Invasive Therapy: 19 Minimally Invasive Therapy with Tooth-Colored Direct Restorative Materials
Minimally invasive caries therapy with composites has revolutionized restorative dentistry.1–3 With the help of composites, it is possible to restore teeth while maintaining a maximum amount of sound enamel and dentin, so Black′s rule “extension for prevention” is no longer considered generally valid.4–8 The fundamental prerequisite for the use of composites is effective adhesion to enamel and dentin (Chapter 14).9–12 Other materials besides composites are considered of secondary importance in this chapter. Today, composites and compomers are used to an almost equal degree,13–15 whereas glass-ionomer cements tend to be used for semipermanent restorations.16
In the posterior region, amalgams are still the reference against which other materials are compared, owing to their durability, functionality, and role as a basic restoration material17; however, amalgam restorations have been superseded for quite a while in dental practices with tooth-colored composite restorations. Attention remains focused on such critical factors as abrasion, secondary caries, and fractures, since these have been the weak areas for decades in posterior composite restorations.2,11,17–20 Every new development must address these issues. In general, function is the primary consideration in the posterior region, that is, clinical performance, with the cofactors of approximal contact, protection of the pulp, and resistance to abrasion and fractures.5,6,21,22 Esthetics are of secondary importance in this region, since it is mostly not necessary to render posterior fillings invisible to satisfy the patient.
In the anterior region, esthetically perfect restorations are generally recommended and explicitly desired by patients. Cutting-edge biomimetic composites are a welcome alternative to conventional, universal composites.
Function is paramount in posterior restorations, whereas esthetics is generally the chief consideration for anterior teeth.
In general, a minimally invasive approach involves more than just defect-oriented preparation. If the access in enamel to the cavity is too small to allow for proper application of the adhesive this would jeopardize the whole procedure. The compromised adhesion might result in an untimely renewal of the restoration due to adjacent caries, finally resulting in a rather large restoration. Furthermore, the major advantage of composite materials is that they can be repaired and corrected. Since removing all the composite is associated with the hazard of the iatrogenic removal of sound dentin and enamel and exposure of the pulp repair of partially insufficient restorations is a good alternative.23 The three factors for successful minimally invasive therapy are therefore defect-oriented preparation, permanently adhesive restorations, and reparability.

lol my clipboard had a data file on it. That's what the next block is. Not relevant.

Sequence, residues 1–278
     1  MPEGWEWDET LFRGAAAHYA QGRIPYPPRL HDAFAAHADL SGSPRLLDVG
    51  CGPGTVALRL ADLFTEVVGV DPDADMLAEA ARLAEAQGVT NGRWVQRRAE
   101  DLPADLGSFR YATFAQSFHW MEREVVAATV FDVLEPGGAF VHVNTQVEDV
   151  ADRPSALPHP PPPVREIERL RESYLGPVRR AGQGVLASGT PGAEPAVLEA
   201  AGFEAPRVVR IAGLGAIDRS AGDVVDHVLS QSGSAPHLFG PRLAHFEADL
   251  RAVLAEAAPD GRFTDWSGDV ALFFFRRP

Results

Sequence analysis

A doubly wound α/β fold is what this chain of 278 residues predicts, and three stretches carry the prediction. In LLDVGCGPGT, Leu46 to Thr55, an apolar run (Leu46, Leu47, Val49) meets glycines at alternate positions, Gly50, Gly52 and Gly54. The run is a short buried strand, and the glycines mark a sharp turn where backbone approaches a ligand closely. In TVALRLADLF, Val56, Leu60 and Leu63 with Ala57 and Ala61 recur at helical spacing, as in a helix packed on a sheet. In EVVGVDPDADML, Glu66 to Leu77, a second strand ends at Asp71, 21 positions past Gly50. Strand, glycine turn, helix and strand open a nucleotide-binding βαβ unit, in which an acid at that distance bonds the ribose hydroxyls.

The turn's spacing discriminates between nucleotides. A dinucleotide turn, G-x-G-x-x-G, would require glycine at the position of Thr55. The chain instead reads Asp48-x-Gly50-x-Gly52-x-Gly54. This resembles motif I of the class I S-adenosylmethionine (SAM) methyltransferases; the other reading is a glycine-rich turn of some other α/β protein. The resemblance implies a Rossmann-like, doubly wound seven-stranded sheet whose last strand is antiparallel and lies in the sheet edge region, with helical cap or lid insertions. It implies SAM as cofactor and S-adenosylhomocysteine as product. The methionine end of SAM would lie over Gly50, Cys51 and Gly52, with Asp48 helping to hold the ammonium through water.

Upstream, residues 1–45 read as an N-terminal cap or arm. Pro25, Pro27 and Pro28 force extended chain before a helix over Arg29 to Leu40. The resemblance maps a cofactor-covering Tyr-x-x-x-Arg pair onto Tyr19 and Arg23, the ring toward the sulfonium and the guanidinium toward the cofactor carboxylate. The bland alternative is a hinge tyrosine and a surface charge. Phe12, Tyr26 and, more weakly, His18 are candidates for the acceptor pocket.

This chapter addresses the following topics:
Indications for restorative therapy
Groups of materials used for direct resin restorations
The choice of materials for different indications
The rules of minimally invasive preparations
Clinical experience with minimally invasive restorative therapy
Corrections or repairs of existing restorations
Indications for Restorative Therapy
The decision for invasive therapy of approximal caries in posterior teeth is made on the basis of a visual-tactile assessment and radiographic examination of the caries (Chapters 5, 6, 9, and 20). Restoration of an approximal carious tooth surface is indicated when it is cavitated and/or the caries extends radiographically into the middle third of the dentin ( Fig. 19.1 ),24–26 since noninvasive or microinvasive interventions are no longer sufficient to arrest the progress of the caries.
The appearance of anterior teeth is generally very important to an individual′s self-image and social acceptance. Carious hard tissues, tooth discoloration, existing restorations, and insufficient margins are generally perceived very quickly by others. Consequently, therapy chiefly needs to focus on restoring the natural appearance of the upper anterior teeth in particular. If lesions are diagnosed and treated when they are small, their treatment (e.g. repair) is easier, quicker, and more successful. In addition, restorations may need to be replaced when the discoloration of the surface or margins of existing composite fillings impair the esthetic appearance of the anterior teeth. Such situations can also be remedied by correcting the restoration.
Manifestations and Causes